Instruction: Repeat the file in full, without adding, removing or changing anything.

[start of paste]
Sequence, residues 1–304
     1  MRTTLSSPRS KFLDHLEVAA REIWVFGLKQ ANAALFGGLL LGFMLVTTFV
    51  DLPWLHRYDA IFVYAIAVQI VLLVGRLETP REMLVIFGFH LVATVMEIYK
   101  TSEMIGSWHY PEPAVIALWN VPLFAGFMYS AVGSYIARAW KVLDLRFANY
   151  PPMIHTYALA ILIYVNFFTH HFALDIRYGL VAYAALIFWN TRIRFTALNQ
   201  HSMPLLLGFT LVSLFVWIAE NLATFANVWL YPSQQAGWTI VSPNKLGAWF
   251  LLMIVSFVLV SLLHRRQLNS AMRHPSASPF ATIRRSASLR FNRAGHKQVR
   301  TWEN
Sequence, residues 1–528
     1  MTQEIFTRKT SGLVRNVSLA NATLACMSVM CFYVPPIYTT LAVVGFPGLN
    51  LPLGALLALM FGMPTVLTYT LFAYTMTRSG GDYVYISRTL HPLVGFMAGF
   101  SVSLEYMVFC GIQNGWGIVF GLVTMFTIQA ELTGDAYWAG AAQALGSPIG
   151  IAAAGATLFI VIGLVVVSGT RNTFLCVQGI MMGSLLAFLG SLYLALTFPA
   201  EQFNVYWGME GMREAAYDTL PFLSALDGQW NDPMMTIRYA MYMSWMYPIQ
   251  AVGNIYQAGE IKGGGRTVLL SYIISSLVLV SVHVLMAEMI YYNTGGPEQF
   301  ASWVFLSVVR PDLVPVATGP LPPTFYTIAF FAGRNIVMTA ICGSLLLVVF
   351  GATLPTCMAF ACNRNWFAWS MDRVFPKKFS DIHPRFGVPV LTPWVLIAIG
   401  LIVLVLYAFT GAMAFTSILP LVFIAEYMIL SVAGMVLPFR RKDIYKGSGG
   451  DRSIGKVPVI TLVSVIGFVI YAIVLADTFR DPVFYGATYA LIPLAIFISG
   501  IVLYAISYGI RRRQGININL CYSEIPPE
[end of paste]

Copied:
Sequence, residues 1–304
     1  MRTTLSSPRS KFLDHLEVAA REIWVFGLKQ ANAALFGGLL LGFMLVTTFV
    51  DLPWLHRYDA IFVYAIAVQI VLLVGRLETP REMLVIFGFH LVATVMEIYK
   101  TSEMIGSWHY PEPAVIALWN VPLFAGFMYS AVGSYIARAW KVLDLRFANY
   151  PPMIHTYALA ILIYVNFFTH HFALDIRYGL VAYAALIFWN TRIRFTALNQ
   201  HSMPLLLGFT LVSLFVWIAE NLATFANVWL YPSQQAGWTI VSPNKLGAWF
   251  LLMIVSFVLV SLLHRRQLNS AMRHPSASPF ATIRRSASLR FNRAGHKQVR
   301  TWEN
Sequence, residues 1–528
     1  MTQEIFTRKT SGLVRNVSLA NATLACMSVM CFYVPPIYTT LAVVGFPGLN
    51  LPLGALLALM FGMPTVLTYT LFAYTMTRSG GDYVYISRTL HPLVGFMAGF
   101  SVSLEYMVFC GIQNGWGIVF GLVTMFTIQA ELTGDAYWAG AAQALGSPIG
   151  IAAAGATLFI VIGLVVVSGT RNTFLCVQGI MMGSLLAFLG SLYLALTFPA
   201  EQFNVYWGME GMREAAYDTL PFLSALDGQW NDPMMTIRYA MYMSWMYPIQ
   251  AVGNIYQAGE IKGGGRTVLL SYIISSLVLV SVHVLMAEMI YYNTGGPEQF
   301  ASWVFLSVVR PDLVPVATGP LPPTFYTIAF FAGRNIVMTA ICGSLLLVVF
   351  GATLPTCMAF ACNRNWFAWS MDRVFPKKFS DIHPRFGVPV LTPWVLIAIG
   401  LIVLVLYAFT GAMAFTSILP LVFIAEYMIL SVAGMVLPFR RKDIYKGSGG
   451  DRSIGKVPVI TLVSVIGFVI YAIVLADTFR DPVFYGATYA LIPLAIFISG
   501  IVLYAISYGI RRRQGININL CYSEIPPE